4.7.1 Uniform Simultaneous Death Act
The Uniform Simultaneous Death Act is a law which provides that if the insured and the primary beneficiary both die under conditions in which it is impossible to determine which one died first, the insured will be presumed to have survived the primary beneficiary unless there is a policy provision to the contrary. (See Common Disaster Provision in the following section.)
Therefore, the secondary beneficiary of the policy would be entitled to receive the policy's benefits (since the primary beneficiary was presumed to have died first).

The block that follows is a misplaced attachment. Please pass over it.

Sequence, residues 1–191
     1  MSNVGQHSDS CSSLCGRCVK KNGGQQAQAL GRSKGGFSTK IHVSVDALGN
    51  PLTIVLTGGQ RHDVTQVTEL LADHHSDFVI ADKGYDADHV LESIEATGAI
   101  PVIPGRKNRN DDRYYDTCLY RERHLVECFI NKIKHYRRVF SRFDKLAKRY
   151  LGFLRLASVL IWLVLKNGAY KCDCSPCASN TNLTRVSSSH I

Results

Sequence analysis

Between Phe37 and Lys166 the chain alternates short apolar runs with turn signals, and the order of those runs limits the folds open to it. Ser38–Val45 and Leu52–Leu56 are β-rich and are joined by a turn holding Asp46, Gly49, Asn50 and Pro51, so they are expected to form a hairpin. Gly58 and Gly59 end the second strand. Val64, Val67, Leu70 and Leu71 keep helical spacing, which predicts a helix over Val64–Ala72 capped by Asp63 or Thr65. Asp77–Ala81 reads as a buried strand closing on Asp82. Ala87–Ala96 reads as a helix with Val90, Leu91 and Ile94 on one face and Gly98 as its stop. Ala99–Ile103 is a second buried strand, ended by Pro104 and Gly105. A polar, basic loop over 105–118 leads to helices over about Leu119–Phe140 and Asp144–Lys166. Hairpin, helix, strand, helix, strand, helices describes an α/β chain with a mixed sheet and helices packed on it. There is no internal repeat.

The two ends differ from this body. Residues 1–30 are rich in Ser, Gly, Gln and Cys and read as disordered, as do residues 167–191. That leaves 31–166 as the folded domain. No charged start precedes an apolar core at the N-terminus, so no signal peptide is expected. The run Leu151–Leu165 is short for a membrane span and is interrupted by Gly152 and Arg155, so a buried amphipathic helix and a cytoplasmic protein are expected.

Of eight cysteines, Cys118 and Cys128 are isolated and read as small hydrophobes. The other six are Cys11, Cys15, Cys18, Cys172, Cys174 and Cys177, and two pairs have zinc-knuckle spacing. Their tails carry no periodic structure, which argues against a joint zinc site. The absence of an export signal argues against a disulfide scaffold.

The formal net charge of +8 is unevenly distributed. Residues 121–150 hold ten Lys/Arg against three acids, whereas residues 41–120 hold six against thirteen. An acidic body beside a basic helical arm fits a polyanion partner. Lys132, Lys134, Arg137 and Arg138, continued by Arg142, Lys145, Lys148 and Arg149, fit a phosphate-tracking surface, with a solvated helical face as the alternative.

What happens if Sue and Bob (husband and wife) die in an accident at the same time? Their policy proceeds would go to their children, right? What if Sue and Bob have children other than with each other - perhaps through an earlier marriage? What if one died before the other, yet they both died? That is exactly why the Uniform Simultaneous Death Act and the common disaster provision were implemented.
What is the Uniform Simultaneous Death Act of Florida?
Where the insured and the beneficiary in a policy of life or accident insurance have died and there is insufficient evidence that they have died other than simultaneously, the proceeds of the policy shall be distributed as if the insured had survived the beneficiary.